The Man Who Could Work Miracles (story)
The story is an early example of Contemporary fantasy (not yet recognized, at the time, as a specific sub-genre). In common with later works falling within this definition, the story places a major fantasy premise (a wizard with enormous, virtually unlimited magic power) not in an exotic semi-Medieval setting but in the drab routine daily life of suburban London, very familiar to Wells himself.
In an English public house, George McWhirter Fotheringay vigorously asserts the impossibility of miracles during an argument. By way of demonstration, Fotheringay commands an oil lamp to flame upside down and it does so, to his own astonishment. His acquaintances think it a trick and quickly dismiss it, but Fotheringay continues to use his new power for other petty deeds.
After magically accomplishing his daily chores as an office clerk, Fotheringay quits early to a park to practise further. He encounters a local constable, who is accidentally injured. In the ensuing altercation, Fotheringay unintentionally sends the policeman to Hades; hours later, Fotheringay relocates him safely to San Francisco.
Unnerved by these miracles, Fotheringay attends local Sunday church services. The clergyman, Mr. Maydig, preaches about unnatural occurrences. Fotheringay is deeply moved, and meets Maydig in his quarters for advice. After a few petty demonstrations, the priest becomes enthusiastic and suggests that Fotheringay should use these abilities to benefit others. That night they walk the town streets, healing illness and vice and improving public works.
Maydig plans to reform the whole world. He suggests that they could disregard their obligations for the next day if Fotheringay could stop the night altogether. Fotheringay agrees and stops the motion of the Earth. His clumsy wording of the wish causes all objects on Earth to be hurled from the surface with great force. Pandemonium ensues, but Fotheringay miraculously ensures his own safety back on the ground. In fact (though he is not aware of the enormity of what he had done) the whole of humanity except for himself had perished in a single instant.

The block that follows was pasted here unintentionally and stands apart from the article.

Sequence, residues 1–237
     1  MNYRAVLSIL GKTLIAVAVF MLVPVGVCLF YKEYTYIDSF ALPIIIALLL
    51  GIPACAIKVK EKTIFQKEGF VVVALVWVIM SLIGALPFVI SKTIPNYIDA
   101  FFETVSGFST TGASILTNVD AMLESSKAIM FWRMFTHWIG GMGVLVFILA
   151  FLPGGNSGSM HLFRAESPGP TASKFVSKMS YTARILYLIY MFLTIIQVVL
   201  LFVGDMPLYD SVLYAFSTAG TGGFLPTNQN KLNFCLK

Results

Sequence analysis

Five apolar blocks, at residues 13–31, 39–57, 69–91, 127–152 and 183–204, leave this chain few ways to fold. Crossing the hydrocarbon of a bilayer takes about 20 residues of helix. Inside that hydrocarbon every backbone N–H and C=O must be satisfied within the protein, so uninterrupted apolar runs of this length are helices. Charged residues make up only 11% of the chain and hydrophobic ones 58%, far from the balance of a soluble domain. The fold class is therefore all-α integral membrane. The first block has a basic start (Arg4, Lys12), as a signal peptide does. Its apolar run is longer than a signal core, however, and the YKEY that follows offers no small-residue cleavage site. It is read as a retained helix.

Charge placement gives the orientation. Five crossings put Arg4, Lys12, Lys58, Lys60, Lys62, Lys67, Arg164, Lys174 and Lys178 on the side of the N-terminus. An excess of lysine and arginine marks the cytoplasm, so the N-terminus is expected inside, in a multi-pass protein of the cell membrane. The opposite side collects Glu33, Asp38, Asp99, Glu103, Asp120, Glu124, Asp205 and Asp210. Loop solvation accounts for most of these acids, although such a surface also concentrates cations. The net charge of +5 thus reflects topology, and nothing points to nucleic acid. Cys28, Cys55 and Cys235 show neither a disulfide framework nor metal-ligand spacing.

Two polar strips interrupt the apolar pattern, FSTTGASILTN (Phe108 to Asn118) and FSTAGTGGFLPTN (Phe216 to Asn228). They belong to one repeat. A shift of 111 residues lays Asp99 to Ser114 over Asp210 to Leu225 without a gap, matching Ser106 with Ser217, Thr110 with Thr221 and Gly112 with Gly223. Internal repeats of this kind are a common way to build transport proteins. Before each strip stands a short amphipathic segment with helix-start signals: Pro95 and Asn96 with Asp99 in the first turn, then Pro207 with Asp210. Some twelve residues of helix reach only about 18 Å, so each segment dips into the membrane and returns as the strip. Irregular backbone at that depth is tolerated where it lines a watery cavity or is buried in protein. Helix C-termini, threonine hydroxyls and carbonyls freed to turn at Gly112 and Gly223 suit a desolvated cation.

Fotheringay is unable to return the Earth to its prior state. He repents, and wishes that the power be taken from him and the world restored to a time before he had the power. Fotheringay immediately finds himself back in the public house, discussing miracles with his friends as before, without any recollection of subsequent events.
The all-known narrator thus tells the reader that he or she had died "a year ago" (the story was published in 1897) and was then resurrected - but has no recollection of anything special having happened.
Film, TV or theatrical adaptations
- Plumb, Ali. "Terry Jones On His New Sci-Fi Comedy Absolutely Anything". Empire Magazine. Bauer Consumer Media. Retrieved 15 August 2015.
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